Month: November 1999

Shivers, December 1999 – Johnny Depp Acting in Character for Sleepy Hollow

Title: Johnny Depp Acting in Character for Sleepy Hollow

Author: Jean Cummings

Publication: Shivers

Issue: December 1999


Photo1JOHNNY DEPP has always chosen roles that are differ­ent, and his newest film Sleepy Hollow he displays his talent for humour and drama in a film reminiscent of the Hor­ror films of the ’50s and ’60s. Depp has the starring role in this new version of Washington Irving’s fable The Legend of Sleeply Hollow but the success of the film comes from the multi-faceted character of Ichabod Crane.

American-born Depp now lives with his wife Vanessa and their young daughter in France, but he had to adopt an English accent for the role of Crane. It is something he worked hard to develop.


“You know what I did?” he responds to our inquiry. “I watched a lot of old Horror films. People like Peter Cushing and Christopher Lee.” The inspiration for the character, he says, was in fact three people. “Number one was Basil Rathbone from the old Sherlock Holmes movies. Number two was a very great friend of mine that recently passed away, Roddy McDowell. He was a great man, a great actor and he was a very impor­tant model for the character. In a way this was my opportunity to tip my hat to him, to thank him, to salute him. The third was a terrific actress, Angela Lansbury, she was a great model for the character. I just tried to hold on to those three peo­ple and out of that came the accent.”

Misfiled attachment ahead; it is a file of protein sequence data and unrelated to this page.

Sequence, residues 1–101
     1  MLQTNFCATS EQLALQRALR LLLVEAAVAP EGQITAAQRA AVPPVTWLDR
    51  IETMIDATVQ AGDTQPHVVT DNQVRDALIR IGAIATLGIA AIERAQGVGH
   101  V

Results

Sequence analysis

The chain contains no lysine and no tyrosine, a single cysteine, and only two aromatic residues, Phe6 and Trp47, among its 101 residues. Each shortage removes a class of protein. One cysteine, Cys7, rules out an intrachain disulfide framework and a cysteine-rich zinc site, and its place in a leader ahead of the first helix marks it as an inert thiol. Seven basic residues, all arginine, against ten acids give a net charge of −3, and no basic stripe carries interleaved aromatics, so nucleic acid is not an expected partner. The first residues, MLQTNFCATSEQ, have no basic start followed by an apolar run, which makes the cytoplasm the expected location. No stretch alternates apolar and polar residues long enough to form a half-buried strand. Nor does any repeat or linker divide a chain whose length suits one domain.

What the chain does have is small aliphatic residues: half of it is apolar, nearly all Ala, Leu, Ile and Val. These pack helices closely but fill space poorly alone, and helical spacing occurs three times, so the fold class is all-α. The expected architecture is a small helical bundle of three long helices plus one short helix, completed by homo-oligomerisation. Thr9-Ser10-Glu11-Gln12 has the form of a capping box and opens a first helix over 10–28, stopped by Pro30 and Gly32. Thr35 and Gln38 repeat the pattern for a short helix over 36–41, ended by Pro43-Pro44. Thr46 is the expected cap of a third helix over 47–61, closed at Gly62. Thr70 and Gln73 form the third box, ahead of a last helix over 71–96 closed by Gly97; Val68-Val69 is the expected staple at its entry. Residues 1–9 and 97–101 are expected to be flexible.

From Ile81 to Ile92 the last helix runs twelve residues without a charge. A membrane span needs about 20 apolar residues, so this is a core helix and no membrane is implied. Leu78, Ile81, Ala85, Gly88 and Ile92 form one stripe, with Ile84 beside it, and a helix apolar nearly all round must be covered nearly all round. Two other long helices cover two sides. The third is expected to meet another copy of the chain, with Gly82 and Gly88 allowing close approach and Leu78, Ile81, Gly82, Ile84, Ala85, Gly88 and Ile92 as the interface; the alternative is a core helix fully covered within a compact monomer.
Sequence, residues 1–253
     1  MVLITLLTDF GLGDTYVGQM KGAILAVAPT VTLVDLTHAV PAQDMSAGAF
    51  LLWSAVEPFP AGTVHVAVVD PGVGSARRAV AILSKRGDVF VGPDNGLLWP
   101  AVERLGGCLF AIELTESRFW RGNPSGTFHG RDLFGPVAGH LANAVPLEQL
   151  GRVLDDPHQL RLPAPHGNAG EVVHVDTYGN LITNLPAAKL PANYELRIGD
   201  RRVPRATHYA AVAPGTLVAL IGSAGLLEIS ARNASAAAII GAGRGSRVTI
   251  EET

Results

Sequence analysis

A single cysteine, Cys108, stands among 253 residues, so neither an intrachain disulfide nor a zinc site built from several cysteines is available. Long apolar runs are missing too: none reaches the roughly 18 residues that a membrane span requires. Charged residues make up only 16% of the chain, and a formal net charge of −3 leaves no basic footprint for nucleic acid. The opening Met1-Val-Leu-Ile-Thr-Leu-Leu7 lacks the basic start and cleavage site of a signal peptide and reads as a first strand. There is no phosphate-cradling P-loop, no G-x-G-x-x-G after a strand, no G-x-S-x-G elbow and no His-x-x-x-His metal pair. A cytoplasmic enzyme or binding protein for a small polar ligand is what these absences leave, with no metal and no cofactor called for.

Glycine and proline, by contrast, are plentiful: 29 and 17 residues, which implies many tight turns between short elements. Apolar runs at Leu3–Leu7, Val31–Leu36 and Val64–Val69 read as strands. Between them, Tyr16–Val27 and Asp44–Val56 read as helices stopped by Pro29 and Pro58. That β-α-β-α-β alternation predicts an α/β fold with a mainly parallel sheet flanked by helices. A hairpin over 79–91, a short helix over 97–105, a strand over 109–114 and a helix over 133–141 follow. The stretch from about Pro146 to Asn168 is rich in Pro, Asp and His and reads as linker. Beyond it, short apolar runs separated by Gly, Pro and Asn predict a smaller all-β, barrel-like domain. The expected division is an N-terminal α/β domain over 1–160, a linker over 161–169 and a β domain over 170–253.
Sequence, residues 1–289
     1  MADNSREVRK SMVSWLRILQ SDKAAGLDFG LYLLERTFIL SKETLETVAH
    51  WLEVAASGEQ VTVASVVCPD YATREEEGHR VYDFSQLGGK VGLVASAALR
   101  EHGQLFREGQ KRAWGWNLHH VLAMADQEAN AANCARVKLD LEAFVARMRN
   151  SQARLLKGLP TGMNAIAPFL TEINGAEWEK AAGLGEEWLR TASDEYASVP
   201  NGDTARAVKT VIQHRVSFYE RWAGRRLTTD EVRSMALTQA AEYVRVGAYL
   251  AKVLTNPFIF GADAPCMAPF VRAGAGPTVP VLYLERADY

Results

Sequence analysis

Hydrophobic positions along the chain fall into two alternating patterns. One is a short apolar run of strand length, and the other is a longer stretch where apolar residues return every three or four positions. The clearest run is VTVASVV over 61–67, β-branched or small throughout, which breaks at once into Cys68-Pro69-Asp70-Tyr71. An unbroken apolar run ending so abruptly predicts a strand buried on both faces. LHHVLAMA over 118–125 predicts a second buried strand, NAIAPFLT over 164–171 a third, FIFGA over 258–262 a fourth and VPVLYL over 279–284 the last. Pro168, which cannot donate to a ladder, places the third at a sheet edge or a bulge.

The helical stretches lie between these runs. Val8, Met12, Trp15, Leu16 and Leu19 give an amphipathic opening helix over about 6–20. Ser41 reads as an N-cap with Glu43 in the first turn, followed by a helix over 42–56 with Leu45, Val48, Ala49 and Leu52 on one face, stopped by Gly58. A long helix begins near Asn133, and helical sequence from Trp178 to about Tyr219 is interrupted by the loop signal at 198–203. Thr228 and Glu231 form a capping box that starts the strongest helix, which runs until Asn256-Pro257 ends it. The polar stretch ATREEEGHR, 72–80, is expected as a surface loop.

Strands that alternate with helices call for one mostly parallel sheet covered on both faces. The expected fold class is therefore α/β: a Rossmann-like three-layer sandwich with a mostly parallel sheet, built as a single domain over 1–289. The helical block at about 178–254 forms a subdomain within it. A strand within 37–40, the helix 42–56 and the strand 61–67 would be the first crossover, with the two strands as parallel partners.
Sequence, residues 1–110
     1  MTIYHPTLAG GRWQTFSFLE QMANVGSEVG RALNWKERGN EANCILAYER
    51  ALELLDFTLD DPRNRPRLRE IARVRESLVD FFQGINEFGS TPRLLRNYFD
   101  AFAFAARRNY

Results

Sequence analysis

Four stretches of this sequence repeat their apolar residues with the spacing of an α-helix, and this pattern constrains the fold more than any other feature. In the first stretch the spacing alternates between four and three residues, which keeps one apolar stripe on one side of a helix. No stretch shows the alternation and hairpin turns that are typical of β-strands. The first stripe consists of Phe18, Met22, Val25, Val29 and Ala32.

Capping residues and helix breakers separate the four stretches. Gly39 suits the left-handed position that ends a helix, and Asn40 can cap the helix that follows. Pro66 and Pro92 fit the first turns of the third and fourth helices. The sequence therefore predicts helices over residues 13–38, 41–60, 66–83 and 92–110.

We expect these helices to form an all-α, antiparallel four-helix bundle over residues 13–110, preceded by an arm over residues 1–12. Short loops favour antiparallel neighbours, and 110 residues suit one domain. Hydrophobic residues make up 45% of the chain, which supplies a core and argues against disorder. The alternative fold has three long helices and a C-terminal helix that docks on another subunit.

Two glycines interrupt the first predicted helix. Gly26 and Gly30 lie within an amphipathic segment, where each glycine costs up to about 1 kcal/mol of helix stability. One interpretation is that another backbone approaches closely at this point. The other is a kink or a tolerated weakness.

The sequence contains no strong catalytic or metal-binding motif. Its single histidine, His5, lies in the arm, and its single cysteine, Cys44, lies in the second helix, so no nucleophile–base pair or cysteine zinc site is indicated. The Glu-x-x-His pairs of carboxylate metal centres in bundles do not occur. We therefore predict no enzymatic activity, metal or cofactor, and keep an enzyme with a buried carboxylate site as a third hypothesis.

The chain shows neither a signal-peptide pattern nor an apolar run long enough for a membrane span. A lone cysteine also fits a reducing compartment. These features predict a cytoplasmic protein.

Depp is too modest to admit that the success of the character may have had something to do with his own talent as an actor, but whatever talent he has, he says, it is something he’s nurtured through constant education.

“I’ve been blessed to know certain people who have been great teachers to me,” he says. “I think that every film you do is a kind of continuation of your edu­cation. You meet great teachers along the way. Marlon Brando was one, and he became a great friend. Al Pacino was another, Martin Landau, the list goes on. You learn from everybody.”

He pauses momentarily, before continuing. “Acting is a strange job. What’s at the heart of it for me is my fas­cination with human behaviour. I think the main thing for any actor when he’s starting out, before you go to class, be­fore you read a book, is just to watch. Just observe people. And if you can take that on board, if you can learn from that and put it in a drawer somewhere, you can use it later to play a character. You’ll show how people do behave, and try to do it as honestly as possible.”

“We present a certain image of our­selves to the public, or to other people in life but in fact there is usually some­thing going on underneath.

read more